volume = "13",
pages = "177--188",
journal = "Australian Journal of Hospitality Management",
issn = "1320-5161",
publisher = "Elsevier BV",
number = "2",

}

Generic skills for hospitality management : A comparative study of management expectations and student perceptions. / Raybould, Mike; Wilkins, Hugh.

In: Journal of Hospitality and Tourism Management, Vol. 13, No. 2, 08.2006, p. 177-188.

Research output: Contribution to journalArticleResearchpeer-review

TY - JOUR

T1 - Generic skills for hospitality management

T2 - A comparative study of management expectations and student perceptions

AU - Raybould, Mike

AU - Wilkins, Hugh

PY - 2006/8

Y1 - 2006/8

N2 - Tertiary providers of hospitality management degree programs must fulfil the needs of student, industry and academic stakeholder groups. The students attracted to this type of program tend to be motivated primarily by the anticipated vocational outcomes. As a result, hospitality management curriculum needs to meet both industry and student expectations by delivering the skill sets needed in the workplace and the institutional demands for academic rigour. This article reports on research that aimed to compare hospitality managers' expectations of graduate skills with student perceptions of the skills that hospitality managers valued. In contrast to previous research on this topic, this study adopted a generic skills framework and managers rated skills associated with interpersonal, problem-solving, and self-management skill domains as most important. Although students tended to rate conceptual and analytical skills more highly than did managers, overall their perceptions of the skills that hospitality managers valued when recruiting graduates were realistic. The results of this, and similar studies, can contribute to curriculum design and the internal and external communications strategies adopted by faculty offering hospitality management programs.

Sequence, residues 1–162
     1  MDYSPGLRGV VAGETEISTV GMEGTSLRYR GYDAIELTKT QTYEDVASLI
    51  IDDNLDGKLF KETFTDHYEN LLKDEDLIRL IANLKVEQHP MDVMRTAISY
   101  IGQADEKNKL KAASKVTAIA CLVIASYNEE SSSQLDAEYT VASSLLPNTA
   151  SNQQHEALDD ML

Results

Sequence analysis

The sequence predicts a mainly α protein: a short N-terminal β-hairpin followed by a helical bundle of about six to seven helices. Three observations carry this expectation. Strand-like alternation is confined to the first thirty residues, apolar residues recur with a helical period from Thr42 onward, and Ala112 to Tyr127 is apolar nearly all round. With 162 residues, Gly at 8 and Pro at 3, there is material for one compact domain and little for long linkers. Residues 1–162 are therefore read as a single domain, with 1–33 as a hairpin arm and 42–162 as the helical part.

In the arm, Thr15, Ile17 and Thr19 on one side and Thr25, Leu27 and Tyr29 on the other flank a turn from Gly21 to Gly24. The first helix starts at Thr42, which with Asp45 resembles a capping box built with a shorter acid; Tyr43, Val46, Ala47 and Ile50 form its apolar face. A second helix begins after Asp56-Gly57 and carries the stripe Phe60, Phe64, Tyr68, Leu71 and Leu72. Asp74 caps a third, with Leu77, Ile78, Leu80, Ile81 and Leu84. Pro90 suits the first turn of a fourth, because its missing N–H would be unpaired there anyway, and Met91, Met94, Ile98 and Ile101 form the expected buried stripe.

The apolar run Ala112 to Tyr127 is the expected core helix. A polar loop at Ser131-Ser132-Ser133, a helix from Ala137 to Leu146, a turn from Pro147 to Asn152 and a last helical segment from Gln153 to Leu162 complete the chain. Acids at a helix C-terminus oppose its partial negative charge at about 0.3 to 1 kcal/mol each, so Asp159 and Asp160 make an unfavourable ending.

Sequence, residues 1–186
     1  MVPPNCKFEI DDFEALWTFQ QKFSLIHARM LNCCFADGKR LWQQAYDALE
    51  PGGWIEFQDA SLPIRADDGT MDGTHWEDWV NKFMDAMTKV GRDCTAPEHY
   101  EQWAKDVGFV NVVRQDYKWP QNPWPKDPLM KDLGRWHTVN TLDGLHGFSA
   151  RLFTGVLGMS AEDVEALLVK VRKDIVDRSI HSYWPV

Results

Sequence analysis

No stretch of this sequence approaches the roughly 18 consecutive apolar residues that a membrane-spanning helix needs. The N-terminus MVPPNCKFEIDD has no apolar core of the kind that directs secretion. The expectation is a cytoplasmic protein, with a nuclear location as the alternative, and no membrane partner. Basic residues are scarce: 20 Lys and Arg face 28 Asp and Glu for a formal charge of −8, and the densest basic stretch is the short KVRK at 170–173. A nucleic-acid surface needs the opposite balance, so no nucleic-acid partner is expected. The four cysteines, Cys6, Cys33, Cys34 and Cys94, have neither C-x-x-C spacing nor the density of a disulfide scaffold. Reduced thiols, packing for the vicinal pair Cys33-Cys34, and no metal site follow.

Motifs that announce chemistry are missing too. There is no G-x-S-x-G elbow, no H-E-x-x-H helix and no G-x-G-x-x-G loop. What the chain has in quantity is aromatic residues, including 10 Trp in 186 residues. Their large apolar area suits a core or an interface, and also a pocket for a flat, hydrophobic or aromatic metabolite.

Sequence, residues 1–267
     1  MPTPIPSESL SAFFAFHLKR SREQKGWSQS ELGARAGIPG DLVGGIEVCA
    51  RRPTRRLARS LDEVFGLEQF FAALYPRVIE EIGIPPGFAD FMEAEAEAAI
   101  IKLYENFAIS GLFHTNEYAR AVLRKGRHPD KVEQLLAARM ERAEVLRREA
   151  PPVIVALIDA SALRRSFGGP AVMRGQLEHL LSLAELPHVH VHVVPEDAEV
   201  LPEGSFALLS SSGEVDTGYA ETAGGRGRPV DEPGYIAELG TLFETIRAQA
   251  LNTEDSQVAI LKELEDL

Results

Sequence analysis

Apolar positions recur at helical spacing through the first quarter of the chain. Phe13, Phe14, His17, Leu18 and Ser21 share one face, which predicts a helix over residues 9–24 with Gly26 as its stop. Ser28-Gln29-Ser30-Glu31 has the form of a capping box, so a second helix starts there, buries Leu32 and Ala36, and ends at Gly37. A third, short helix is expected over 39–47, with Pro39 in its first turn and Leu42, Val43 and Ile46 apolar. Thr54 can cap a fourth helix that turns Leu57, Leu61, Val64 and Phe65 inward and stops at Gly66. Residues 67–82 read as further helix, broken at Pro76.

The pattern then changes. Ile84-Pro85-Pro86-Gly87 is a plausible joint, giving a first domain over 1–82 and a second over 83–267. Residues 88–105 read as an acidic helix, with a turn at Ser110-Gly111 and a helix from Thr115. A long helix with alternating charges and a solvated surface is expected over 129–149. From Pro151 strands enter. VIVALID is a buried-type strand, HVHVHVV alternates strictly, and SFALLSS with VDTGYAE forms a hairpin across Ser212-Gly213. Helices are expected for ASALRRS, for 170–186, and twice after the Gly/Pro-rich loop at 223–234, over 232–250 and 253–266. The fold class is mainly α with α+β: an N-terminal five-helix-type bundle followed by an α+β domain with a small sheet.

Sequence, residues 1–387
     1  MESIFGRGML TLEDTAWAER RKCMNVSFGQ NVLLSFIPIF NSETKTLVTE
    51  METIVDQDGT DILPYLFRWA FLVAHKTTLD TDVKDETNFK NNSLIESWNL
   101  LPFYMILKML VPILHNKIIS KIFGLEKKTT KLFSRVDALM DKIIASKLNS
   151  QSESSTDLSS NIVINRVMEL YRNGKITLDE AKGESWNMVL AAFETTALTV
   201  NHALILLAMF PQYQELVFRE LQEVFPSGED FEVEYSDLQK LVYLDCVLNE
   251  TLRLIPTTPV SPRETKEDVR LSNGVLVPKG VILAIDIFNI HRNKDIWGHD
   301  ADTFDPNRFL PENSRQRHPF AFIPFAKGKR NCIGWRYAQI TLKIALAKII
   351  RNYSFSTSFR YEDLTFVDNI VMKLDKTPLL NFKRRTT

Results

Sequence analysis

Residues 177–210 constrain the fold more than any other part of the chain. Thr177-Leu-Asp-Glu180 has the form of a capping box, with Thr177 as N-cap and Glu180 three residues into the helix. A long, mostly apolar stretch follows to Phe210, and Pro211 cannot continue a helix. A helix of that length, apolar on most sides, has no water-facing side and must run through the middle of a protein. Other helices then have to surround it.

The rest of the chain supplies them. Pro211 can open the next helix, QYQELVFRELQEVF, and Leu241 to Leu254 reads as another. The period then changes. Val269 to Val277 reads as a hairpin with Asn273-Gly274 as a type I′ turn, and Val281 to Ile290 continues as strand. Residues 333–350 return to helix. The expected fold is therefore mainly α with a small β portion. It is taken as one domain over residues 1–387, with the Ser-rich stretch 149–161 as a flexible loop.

AB - Tertiary providers of hospitality management degree programs must fulfil the needs of student, industry and academic stakeholder groups. The students attracted to this type of program tend to be motivated primarily by the anticipated vocational outcomes. As a result, hospitality management curriculum needs to meet both industry and student expectations by delivering the skill sets needed in the workplace and the institutional demands for academic rigour. This article reports on research that aimed to compare hospitality managers' expectations of graduate skills with student perceptions of the skills that hospitality managers valued. In contrast to previous research on this topic, this study adopted a generic skills framework and managers rated skills associated with interpersonal, problem-solving, and self-management skill domains as most important. Although students tended to rate conceptual and analytical skills more highly than did managers, overall their perceptions of the skills that hospitality managers valued when recruiting graduates were realistic. The results of this, and similar studies, can contribute to curriculum design and the internal and external communications strategies adopted by faculty offering hospitality management programs.

UR - http://www.scopus.com/inward/record.url?scp=71449111211&partnerID=8YFLogxK

U2 - 10.1375/jhtm.13.2.177

DO - 10.1375/jhtm.13.2.177

M3 - Article

VL - 13

SP - 177

EP - 188

JO - Australian Journal of Hospitality Management

JF - Australian Journal of Hospitality Management

SN - 1320-5161

IS - 2

ER -